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What I Learned From Suffering With Anxiety During My Pregnancy

My mother always talks about how happy and calm she was while pregnant with me, so maybe that's why I thought I'd love being pregnant. I pictured myself in billowy empire-waist dresses, padding around barefoot in a field of daisies while my baby's gentle kicks reassured me that all was well. That vision turned out to be a complete fantasy, which, frankly, shouldn't have surprised me, considering I don't live anywhere near a field of daisies. Yes, there were billowy dresses (thanks, Old Navy Maternity!), but instead of feeling serene and strong, I felt overwhelmed with worry.

I've always struggled with anxiety, and at times, while I was pregnant, my fears became powerful and overwhelming. Though I had no cause for concern, I worried constantly about the health of my growing baby and obsessed over how I would cope if something was wrong. Every twinge or pain — and there are a ton of those in pregnancy — sent me into a panic. As the weeks crawled by and I became more depressed, I wondered how I would handle being a mom if I couldn't even handle being pregnant. It was a rough time, and I struggled to find ways to cope. But slowly I found strategies that kept my anxiety in check, and I hope sharing what worked for me can help other moms-to-be deal with this common problem.

Be proactive about staying calm

When I ignored the fact that I was growing more anxious by the day, I quickly became overwhelmed. I knew I needed to make staying calm an active, positive project. Instead of trying to be less anxious, I focused on being calmer. I cut back on caffeine, even beyond what my doctor recommended. I chose to read books and watch movies that were lighthearted and funny, and I sought out activities that made me feel calm — long walks, meeting up with friends, visiting family, and lazy evenings watching TV on the couch.

Anxiety may come and go throughout your pregnancy

For me, anxiety was not at a constant level throughout my pregnancy. In the first trimester, I was more anxious about having an early miscarriage, while later in my pregnancy, my anxieties centered on labor and delivery. While most women say their second trimester is the best, my second trimester was the hardest most anxiety-provoking for me, with inconsistent kicks from my baby and all the strange new symptoms that came with a growing belly. Each stage of pregnancy brought new challenges, and my anxiety improved and worsened at various times. I learned that just because I was having a very anxious day didn't mean that every day after that would be just as bad or worse. Sometimes, my anxiety lessened just because I got a good night's sleep or was feeling strong one day.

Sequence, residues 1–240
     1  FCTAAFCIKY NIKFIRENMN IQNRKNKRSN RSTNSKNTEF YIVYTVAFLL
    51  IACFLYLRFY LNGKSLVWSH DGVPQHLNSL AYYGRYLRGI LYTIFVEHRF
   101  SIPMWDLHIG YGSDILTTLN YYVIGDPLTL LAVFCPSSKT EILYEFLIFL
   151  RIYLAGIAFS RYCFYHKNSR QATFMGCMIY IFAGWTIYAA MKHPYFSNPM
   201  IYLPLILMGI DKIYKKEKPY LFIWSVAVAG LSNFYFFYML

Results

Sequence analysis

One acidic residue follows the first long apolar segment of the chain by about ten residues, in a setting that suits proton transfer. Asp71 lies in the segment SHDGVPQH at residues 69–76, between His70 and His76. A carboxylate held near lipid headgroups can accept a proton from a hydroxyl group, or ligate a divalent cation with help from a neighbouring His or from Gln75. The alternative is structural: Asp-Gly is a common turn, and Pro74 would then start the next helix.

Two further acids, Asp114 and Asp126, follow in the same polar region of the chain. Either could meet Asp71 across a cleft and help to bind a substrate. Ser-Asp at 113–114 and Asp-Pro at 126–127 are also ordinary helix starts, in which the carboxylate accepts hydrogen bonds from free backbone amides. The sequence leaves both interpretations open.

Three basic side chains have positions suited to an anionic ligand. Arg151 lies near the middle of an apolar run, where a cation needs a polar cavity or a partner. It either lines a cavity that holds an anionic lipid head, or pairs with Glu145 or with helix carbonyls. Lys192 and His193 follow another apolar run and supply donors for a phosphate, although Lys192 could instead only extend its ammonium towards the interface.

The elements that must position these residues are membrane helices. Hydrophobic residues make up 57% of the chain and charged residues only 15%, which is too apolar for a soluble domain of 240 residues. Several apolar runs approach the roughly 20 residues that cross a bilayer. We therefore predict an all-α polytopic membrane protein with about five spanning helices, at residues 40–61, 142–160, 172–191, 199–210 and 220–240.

Don't be embarrassed to call your OB or midwife if it will set your mind at ease

Like many pregnant women, I was very aware of all the changes happening in my body, and it was hard to know what was normal. But for some reason, when I had concerns about unusual symptoms, I felt stressed out about calling my obstetrician with questions. I didn't want to be annoying or overwhelm my doctor with silly queries. But I also knew that sometimes a quick "yep, that's normal" from my OB could help keep my anxiety in check.

I tried to keep my questions to my appointment. I always came with a short list on my phone to make sure I didn't forget anything. And I was lucky to find a doctor who was quick to return my calls and receptive to my questions. Some of my friends have even had doctors who would reply to emailed questions. If your doctor belittles you or makes you feel stupid for being anxious, it may be time to look for a new doctor who is more understanding.

Find prenatal exercise you enjoy